Now, is this saying that we should respect Nicki more than Hopsin because she’ll occasionally release a genuine piece after a seemingly unending tide of mediocrity? Not at all. I am, however, calling for an assessment of the tendency in hip hop, whether pop or not, to disregard female voices or relegate them to choruses or guest verses to make the males of a song look better. Few duets in hip-hop actually accomplish what they set forth to do. They either come across as schmaltzy and saccharine as in the case of many of Ja-Rule’s efforts, or they are dealt with in such coarse ways that the subject matter is lost in the lyrics, which become revolting because of their divorcement from reality, such as the duets that feature hyper-sexualized women ready and willing for all of the sexual energies of their partner.
We’re out of the age of Lauryn Hill and Lil Kim. Missy Elliot and Rah Digga are relics of the past. Nicki Minaj is far and away the most popular female rapper in a decade and yet, for all of her hype and all of her success, when she speaks out as a black woman, hip hop spits venom back at her. Can many rappers be blamed for their response? After all Nicki Minaj is more a pop icon than rap queen, more bubblegum than grit, more chorus than actual lyrics. More Hogan than Hart. Still when viewing her impact, it will always be mired by the fact that even if she was “just a bubblegum artist” it wouldn’t rob the truth from her words. When she proclaims what she would and wouldn’t do as a strong woman, the changes she’s adopted are noticeably absent. She doesn’t contradict herself in her song and her argument is very cogent in nature. The fact that her song drew such ire reminded me of the only other time I remember women speaking out in a negative manner about men.
Back in the late 90’s, TLC was one of the most popular groups, not just as women, but overall. Their success was measurable in comparison to many legends of hip hop. Within their catalog are numerous love songs, heartfelt ballads speaking of dedication and, in some cases, lustful anthems reveling in the pure carnal instincts of humans in others. For all of their music history, it was one of their biggest hits, “No Scrubs” which opens with the lines, “A scrub is a guy that thinks he’s fly\ He’s also known as a buster\ Always talkin’ about what he wants\ And just sits on his broke ass\” that caused the biggest outcry. When they released “No Scrubs,” the chorus of boos could be heard in the vacuum of space. The backlash even fostered a top 20 hit in the response song, “No Pidgeons” by Sporty Theivz. Containing lyrics such as, “A Pigeon is a girl who be walkin’ by\ My rimmed up blue, brand new sparklin’ five\ Her feet hurt so you know she want a ride\ But she frontin’ like she can’t say hi\” They go on to rap, “Yo, chill cousin, these birds is ill cousin\ Cause they call me scrub like we can’t even bill cousin\ Trick Ronald’s, you ain’t worth the McDonalds\ Throw you on the street team, make you sh*t vinyl\” It came across less as a work of love and more of work of spite. When women speak out in hip-hop, if it diverts from a set kind of song, a predetermined subject matter, many in the world of hip-hop feel the need to reprimand them. “How dare a woman think herself equal to a man,” is the mentality that comes across.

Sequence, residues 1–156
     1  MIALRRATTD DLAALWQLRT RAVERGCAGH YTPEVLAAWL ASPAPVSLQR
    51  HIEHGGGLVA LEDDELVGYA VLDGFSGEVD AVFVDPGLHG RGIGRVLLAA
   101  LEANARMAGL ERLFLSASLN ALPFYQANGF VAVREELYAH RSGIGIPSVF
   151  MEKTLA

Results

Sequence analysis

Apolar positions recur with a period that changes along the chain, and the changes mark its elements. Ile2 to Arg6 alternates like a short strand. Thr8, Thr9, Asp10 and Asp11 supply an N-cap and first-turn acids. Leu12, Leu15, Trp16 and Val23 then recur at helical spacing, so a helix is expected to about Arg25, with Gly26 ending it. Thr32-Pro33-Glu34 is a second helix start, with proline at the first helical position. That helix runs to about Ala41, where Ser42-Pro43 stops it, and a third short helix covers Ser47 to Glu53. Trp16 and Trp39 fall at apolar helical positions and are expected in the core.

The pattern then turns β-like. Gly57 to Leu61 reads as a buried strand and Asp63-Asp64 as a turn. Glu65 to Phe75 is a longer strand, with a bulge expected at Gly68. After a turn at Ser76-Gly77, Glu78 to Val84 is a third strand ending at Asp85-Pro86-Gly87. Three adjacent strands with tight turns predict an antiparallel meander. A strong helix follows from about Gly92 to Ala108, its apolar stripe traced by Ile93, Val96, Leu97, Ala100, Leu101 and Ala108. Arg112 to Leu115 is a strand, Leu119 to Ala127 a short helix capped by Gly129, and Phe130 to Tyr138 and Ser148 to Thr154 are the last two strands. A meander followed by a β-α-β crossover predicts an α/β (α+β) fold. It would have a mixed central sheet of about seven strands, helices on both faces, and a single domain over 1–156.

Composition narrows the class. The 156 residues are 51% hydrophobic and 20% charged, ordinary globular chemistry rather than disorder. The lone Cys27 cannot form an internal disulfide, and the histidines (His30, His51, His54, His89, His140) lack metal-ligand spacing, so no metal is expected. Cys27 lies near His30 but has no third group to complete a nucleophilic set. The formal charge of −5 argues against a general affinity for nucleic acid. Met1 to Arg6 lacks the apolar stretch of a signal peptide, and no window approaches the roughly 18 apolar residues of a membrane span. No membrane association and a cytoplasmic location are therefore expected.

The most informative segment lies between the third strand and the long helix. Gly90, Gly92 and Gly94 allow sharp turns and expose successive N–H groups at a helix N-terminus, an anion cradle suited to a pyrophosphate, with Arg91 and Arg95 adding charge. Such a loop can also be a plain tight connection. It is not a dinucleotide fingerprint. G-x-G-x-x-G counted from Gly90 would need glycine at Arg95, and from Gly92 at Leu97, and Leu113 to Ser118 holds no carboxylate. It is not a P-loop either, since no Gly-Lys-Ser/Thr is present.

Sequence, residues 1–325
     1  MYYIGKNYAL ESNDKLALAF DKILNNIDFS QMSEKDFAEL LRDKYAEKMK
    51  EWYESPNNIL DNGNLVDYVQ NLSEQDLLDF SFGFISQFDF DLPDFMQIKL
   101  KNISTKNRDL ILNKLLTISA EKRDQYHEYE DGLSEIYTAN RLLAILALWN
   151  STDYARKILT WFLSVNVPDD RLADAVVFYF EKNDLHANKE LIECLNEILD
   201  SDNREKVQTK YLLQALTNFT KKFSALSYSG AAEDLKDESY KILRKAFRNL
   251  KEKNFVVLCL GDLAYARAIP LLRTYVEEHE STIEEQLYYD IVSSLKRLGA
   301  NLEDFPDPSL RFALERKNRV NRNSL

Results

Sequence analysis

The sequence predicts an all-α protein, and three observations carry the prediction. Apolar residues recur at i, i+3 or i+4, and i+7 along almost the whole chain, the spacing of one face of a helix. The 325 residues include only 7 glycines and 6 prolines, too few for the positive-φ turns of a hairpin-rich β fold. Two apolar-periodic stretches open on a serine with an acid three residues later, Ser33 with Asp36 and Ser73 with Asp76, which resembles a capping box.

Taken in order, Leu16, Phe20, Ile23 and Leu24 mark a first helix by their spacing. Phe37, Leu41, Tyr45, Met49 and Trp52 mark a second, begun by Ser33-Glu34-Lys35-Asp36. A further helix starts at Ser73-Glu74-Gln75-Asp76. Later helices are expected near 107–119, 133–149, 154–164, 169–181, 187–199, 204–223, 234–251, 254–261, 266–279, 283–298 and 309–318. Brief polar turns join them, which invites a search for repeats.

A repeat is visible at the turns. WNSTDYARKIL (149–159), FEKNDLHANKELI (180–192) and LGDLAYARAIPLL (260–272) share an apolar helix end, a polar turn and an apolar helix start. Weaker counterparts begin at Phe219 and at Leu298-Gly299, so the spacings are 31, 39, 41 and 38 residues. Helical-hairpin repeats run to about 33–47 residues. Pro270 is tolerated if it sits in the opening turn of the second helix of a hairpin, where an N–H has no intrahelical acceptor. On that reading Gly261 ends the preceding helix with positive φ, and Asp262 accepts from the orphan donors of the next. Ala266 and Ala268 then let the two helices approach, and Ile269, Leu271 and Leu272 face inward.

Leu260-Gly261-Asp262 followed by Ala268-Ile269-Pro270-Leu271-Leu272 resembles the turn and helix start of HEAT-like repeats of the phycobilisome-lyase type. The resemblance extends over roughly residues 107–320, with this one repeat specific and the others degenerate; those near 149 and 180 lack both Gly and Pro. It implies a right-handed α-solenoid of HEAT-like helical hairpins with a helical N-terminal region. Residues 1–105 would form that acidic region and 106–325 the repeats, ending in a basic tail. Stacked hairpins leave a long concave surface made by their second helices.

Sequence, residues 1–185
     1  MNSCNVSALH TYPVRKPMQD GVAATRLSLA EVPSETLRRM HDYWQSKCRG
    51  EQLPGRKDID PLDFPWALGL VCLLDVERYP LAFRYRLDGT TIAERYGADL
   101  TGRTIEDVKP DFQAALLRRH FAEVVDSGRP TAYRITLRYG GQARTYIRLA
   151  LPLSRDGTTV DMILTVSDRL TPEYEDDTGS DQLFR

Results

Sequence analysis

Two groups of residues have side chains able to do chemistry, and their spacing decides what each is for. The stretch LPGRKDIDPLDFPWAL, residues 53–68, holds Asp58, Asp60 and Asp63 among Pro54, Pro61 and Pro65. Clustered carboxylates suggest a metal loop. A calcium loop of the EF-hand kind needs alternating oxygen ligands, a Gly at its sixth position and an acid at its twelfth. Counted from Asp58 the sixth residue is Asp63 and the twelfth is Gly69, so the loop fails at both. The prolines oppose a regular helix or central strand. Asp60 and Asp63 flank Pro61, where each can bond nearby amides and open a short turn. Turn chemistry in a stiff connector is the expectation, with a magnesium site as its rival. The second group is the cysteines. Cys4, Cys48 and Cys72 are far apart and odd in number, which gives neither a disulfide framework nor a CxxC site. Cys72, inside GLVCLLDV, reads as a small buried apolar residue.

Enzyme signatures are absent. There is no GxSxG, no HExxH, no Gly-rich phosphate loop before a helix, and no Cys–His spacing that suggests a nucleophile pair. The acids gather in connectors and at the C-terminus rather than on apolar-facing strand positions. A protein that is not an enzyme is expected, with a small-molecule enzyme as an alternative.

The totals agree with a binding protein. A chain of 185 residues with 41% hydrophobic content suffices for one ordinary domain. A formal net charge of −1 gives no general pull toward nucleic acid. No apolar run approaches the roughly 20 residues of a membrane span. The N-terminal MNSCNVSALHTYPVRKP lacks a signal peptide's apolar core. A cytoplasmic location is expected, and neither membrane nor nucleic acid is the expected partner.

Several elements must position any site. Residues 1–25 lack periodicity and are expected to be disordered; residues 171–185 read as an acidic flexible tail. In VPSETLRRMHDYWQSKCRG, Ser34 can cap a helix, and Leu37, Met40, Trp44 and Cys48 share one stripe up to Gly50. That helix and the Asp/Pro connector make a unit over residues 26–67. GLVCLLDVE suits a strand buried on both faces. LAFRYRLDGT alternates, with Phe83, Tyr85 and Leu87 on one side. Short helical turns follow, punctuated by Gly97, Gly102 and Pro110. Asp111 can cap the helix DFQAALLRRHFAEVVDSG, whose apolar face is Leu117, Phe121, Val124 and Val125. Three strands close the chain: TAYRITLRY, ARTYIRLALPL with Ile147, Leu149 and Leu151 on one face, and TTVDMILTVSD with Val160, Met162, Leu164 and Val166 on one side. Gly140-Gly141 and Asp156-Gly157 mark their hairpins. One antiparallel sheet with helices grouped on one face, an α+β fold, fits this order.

The legacy of “No Scrubs” far extends the legacy of “No Pidgeons” but the themes of the songs have an inverse relationship. For all of the popularity and respect paid to TLC as a group, their message of female empowerment was lost. The won the battle against Sport Thievz quite handly, but lost in respect to the culture of Hip-Hop. The narrative of “No Pidgeons” remained ever present on the radios and to this day their points i.e. women aren’t worthy enough to criticize men are the ones the youth will hear. The points and qualms raised in “No Scrubs” became antiquated as immediately as they were addressed.
Within the culture of hip hop, we have created systematic sexism. It’s not good enough that women serve as props or garnish, they must be held in their place. If any woman dares speak down about a man without a man present, then she is to be burned at the stake. The status quo must never be challenged and if some woman dares think herself worthy of the honor of besmirching males, she must learn that she’s worthless. No matter the acclaim or notoriety, a woman in hip-hop must accept being subservient to males or forever be ridiculed and defamed for her speaking out. Does this make Nicki Minaj a martyr? No, but I do believe her points must be addressed in a way other than “BUT WOMEN AREN’T PERFECT EITHER!” before hip-hop can truly progress.
What do you think? Leave a comment.